Two general areas must be addressed if the church is to regain her role in society. These are the areas of government and worship. The church must once again become a genuine government, with her own courts, but for this to have any social impact the various churches must recover a genuine commitment to catholicity in practice.[5]

Church courts (which Paul seems to hint at in I Cor.6:1-7) are an essential part of what the elders must oversee. The function of these courts is to primarily oversee, administer and mediate disputes between believers and churches, to prevent them having to seek judgment from unbelievers.

The fact is that there are differences between believers: there always have been.

Greek Christians struggled with Hebrew Christians (Acts 6). The New Testament church dealt with serious conflicts at a conference at Jerusalem (Acts 15). Paul challenged Peter over his prejudice in Galatians 2, and Paul and Barnabas disagreed so seriously over John Mark that they separated (Acts 15). Tribes, brothers, cities, religious subdivisions, disciples-all had conflicts.[6]

The Bible warns us that “because the sentence against an evil deed is not executed quickly, therefore the hearts of the sons of men among them are given fully to do evil” (Eccles.8:11). As Matthew Poole wrote, “justice must not be denied or delayed.”[7]

There is every reason to believe that church courts could also take responsibility for rendering judgment between unbelievers, using Biblical law as a guide. This is particularly the case when the wheels of justice in society’s courts are slow, expensive, corrupt or unjust. There would also be opportunity to render judgment between unions and employers, and in many other aspects of civil life.

Many times, society’s court cases can run to phenomenal expense, and time. I know of one expensive libel case that recently ran for fourteen years, and the outcome was only a public apology. The only beneficiaries were the lawyers. Most protagonists would appreciate a quick settlement at minimal cost. Criminal cases, however, would need to be heard in criminal courts.

Those seeking the judgment of the church’s court could be required to sign a document requiring them to accept the court’s decision, beforehand. There should also be an appeals mechanism; no court system has ever been infallible.

When the church is being called upon to consistently render justice in the community again, its authority will become significant indeed. This is an aspect of the Lord’s promise of Isa.2:3, and means the church has an opportunity to use Biblical law as a means of evangelism and dominion.

God established a law in Israel that would be a beacon to the nations: “So keep and do [the statutes and judgments], for that is your wisdom and your understanding in the sight of the peoples who will hear these statutes and say, ‘surely this great nation is a wise and understanding people.’ For what great nation is there that has a god so near to it as is the Lord our God whenever we call on Him? Or what great nation is there that has statutes and judgments as righteous as this whole law which I am setting before you today?” (Deut.4:6-8).[8]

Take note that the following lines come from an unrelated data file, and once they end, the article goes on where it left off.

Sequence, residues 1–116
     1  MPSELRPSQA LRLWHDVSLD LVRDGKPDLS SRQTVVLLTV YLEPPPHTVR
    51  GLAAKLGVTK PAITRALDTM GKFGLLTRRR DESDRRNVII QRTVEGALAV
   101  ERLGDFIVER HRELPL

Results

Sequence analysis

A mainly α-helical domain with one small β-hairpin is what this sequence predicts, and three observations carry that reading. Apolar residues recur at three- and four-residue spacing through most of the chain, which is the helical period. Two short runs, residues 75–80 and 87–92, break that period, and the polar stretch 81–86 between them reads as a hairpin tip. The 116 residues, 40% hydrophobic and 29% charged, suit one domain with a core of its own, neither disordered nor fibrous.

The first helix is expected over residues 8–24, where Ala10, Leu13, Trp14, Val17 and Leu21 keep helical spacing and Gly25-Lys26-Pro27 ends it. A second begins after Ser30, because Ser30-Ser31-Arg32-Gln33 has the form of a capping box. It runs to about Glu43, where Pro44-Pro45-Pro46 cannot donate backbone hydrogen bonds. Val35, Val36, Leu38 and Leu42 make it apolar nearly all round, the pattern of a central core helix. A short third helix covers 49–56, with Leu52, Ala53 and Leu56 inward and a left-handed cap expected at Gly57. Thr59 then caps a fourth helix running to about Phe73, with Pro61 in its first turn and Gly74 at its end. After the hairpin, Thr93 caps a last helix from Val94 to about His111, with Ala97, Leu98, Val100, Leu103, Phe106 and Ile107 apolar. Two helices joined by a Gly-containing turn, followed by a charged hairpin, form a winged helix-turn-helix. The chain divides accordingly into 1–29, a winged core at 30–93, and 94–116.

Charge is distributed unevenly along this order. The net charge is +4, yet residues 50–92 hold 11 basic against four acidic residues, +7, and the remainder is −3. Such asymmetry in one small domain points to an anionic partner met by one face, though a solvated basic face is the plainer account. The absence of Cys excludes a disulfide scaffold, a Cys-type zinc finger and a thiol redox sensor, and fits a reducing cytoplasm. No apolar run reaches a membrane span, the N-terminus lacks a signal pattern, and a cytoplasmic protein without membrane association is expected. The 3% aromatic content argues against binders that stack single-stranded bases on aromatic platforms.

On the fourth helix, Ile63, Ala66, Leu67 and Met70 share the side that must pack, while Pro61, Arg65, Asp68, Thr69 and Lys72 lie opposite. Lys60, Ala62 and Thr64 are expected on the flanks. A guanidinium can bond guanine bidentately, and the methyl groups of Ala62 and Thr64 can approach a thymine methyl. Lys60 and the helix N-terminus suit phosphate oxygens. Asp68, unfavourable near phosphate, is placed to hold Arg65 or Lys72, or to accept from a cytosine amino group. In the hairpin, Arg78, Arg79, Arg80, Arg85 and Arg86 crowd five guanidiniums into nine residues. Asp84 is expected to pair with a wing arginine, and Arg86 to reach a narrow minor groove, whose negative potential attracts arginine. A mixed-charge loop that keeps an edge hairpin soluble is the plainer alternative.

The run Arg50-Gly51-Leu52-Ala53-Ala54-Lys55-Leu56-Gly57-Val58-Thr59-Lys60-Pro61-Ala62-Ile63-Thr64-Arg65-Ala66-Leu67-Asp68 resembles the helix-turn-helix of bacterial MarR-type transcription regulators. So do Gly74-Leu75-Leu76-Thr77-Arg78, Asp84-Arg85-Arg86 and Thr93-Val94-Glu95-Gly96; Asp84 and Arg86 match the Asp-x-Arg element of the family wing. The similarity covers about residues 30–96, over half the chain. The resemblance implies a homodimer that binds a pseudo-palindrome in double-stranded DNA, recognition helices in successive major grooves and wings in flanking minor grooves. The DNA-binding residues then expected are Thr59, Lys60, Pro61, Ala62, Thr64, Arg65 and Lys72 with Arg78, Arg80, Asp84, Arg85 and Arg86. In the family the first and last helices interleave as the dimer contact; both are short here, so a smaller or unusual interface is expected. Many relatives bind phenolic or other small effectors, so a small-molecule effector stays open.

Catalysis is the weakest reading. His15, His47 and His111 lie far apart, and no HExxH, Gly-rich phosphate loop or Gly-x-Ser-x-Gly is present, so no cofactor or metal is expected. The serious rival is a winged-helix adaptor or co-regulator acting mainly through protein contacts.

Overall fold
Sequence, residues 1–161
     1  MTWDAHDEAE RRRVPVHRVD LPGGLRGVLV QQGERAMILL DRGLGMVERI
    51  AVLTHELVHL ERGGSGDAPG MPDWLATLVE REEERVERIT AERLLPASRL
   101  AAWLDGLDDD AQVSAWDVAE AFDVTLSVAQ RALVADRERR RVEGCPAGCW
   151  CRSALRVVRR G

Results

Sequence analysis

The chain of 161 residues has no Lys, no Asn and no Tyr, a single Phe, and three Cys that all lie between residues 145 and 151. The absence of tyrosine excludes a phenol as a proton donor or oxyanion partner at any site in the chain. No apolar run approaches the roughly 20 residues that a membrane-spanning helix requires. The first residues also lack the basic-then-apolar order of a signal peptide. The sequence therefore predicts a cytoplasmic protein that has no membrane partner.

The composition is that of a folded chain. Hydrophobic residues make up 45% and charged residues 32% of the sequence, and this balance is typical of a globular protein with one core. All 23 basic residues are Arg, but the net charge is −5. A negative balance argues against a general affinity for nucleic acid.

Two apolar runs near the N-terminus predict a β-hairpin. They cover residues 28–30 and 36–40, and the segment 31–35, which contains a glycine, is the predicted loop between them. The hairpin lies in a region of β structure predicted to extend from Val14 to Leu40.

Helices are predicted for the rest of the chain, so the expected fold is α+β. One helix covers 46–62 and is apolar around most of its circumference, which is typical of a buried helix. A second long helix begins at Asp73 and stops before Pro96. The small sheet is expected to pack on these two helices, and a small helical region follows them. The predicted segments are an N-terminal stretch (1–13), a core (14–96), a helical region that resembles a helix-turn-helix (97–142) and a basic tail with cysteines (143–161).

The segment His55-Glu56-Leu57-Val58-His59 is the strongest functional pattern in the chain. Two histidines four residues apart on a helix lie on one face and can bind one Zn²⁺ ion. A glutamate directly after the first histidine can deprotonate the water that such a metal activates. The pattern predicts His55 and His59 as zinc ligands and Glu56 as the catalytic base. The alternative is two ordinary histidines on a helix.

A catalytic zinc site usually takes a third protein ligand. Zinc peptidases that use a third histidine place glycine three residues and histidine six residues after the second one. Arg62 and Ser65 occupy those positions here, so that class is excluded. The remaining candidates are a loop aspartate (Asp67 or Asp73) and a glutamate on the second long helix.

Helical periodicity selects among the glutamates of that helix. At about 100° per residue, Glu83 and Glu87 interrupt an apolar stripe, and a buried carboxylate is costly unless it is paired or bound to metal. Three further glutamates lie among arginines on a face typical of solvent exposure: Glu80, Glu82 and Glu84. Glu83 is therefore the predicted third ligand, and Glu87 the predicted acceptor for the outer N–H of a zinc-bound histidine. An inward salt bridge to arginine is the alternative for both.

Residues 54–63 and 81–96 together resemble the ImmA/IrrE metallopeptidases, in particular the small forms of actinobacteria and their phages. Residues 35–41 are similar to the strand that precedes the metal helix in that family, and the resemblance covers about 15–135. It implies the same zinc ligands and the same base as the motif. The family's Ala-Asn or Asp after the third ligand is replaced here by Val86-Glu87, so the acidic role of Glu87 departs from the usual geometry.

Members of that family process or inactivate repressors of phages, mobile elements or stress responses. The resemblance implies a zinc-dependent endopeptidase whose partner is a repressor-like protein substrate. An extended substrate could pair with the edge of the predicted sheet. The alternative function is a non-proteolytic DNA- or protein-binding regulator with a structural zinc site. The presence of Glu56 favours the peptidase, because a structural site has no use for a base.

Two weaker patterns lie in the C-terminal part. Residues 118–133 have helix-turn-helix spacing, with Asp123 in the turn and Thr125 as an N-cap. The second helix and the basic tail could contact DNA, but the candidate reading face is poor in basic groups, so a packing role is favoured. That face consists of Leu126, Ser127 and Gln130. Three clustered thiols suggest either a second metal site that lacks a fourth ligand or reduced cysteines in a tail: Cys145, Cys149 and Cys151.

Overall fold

Conclusion:                                                                                                                                 One of the ways that the authority of Jesus Christ can be seen in the world, is through the sound government, pastoral care and administration of the church, through competent church elderships.

The elders’ first responsibility is to the church, and to “shepherd the flock of God among you…” (I Pet.5:2). But the role of the church is a manifold one, including ministries of evangelism, teaching, charity, welfare, hospitality and justice in the community. Thus the elders on behalf of the church of Jesus Christ, have an almost unlimited opportunity for influence in the world.

Because the saints were called to manage or govern the world, very quickly it became their purpose to move into positions of authority and power…the elders, as officers of a law, God’s law, are thus called to apply the law of God to every sphere of life.[9]

 

[1] Gary North, “Inheritance and Dominion,” 1999, ch.3

[2] ibid.

[3] Gary North, “Moses and Pharoah,” 1985, p.2.

[4] Rousas Rushdoony, “The Institutes of Biblical Law,” 1980, p.741.

[5] James Jordan, “The Sociology of the Church,” 1987, p.1.

[6] Buzzard, L. 7 Eck, L., “Tell it to the Church: Reconciling out of Court,” p.22. Quoted in Gary DeMar, “God and Government,” Vol.3, 2001, p.179.

[7] Poole, M., “A Commentary on the Holy Bible,” Vol.1, p.384.

[8] Gary De Mar, “God and Government,” Vol.2, 2001, p.210.

[9] Rushdoony, p.742.